In the military, the mission always comes first.
Men and women in uniform are trained to never question the mission, even if it requires them to question their conscience. But dealing with the fallout from what they saw and what they were required to do, can be unbearable. While the mission may be complete, these moral injuries endure.
For some service members, help is hard to ask for and even harder to find. Drugs and alcohol can become a way to cope with guilt and anxiety; going AWOL can be a way to escape the anger and shame; attempting suicide can be the ultimate cry for help.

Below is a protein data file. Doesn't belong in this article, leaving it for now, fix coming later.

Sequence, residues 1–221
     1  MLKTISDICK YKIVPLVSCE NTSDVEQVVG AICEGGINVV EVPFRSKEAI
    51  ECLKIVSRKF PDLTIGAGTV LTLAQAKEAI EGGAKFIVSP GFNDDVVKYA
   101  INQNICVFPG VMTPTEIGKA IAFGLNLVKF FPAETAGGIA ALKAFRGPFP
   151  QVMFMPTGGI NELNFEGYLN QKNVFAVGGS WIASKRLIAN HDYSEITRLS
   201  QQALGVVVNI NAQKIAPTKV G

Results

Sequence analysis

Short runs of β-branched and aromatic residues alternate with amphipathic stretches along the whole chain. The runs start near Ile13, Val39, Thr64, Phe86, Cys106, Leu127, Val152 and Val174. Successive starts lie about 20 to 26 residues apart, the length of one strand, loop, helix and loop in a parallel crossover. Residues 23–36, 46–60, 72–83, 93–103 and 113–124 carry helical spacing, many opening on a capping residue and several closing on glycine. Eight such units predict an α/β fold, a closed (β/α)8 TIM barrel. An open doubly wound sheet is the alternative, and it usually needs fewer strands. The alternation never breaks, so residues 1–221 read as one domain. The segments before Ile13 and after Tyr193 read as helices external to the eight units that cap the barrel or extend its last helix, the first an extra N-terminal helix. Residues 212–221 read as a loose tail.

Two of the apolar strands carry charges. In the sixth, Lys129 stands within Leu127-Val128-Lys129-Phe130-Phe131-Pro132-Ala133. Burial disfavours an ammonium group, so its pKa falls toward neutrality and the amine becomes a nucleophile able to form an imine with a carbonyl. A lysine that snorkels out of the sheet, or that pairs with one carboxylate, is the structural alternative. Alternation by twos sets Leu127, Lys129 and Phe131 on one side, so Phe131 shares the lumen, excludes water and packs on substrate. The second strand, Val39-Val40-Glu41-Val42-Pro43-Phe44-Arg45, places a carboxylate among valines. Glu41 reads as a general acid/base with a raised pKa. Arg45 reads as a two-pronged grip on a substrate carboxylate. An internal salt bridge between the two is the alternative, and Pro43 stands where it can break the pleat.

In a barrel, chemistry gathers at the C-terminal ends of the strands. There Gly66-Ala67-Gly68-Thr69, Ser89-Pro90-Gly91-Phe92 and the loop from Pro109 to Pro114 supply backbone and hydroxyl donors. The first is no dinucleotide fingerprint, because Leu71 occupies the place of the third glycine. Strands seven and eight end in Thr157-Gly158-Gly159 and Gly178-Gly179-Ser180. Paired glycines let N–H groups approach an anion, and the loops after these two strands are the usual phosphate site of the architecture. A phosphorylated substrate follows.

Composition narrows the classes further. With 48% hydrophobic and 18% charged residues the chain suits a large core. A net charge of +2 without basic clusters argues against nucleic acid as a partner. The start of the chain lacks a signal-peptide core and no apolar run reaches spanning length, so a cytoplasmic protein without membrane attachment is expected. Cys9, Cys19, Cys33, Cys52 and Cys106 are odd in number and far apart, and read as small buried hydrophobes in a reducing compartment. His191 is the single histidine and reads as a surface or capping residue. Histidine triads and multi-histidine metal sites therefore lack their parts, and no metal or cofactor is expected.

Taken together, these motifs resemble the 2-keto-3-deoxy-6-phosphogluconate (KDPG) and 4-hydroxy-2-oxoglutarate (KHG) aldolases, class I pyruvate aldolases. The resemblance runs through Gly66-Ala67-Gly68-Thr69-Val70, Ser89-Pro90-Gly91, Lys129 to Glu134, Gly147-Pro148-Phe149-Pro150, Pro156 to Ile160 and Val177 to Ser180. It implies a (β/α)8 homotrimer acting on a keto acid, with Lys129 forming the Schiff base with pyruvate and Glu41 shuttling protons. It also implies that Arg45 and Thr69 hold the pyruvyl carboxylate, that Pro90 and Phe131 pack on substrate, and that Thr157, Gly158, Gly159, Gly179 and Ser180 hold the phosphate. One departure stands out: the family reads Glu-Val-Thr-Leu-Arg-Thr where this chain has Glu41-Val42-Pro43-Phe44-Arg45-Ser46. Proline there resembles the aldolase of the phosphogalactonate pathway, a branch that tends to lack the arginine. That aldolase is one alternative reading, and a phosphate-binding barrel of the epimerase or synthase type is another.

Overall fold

Medical experts say this type of behavior can be symptoms of PTSD and TBI. But the military often considers these actions deliberate misconduct and service members are kicked out as a result.
These service members are effectively stripped of the honor they earned while fighting for our country. The only way to get it back is to engage in a new battle. This time, they’re up against a panel of military bureaucrats. What’s worse is the burden of proof falls on the veteran. Veterans are forced to wait years while a panel of faceless administrators decide their fate. To say it’s an uphill battle is an understatement.
It’s a Charlie Foxtrot.
Watch part 2 (of 5) above.
HELP | Veterans Resource Guide
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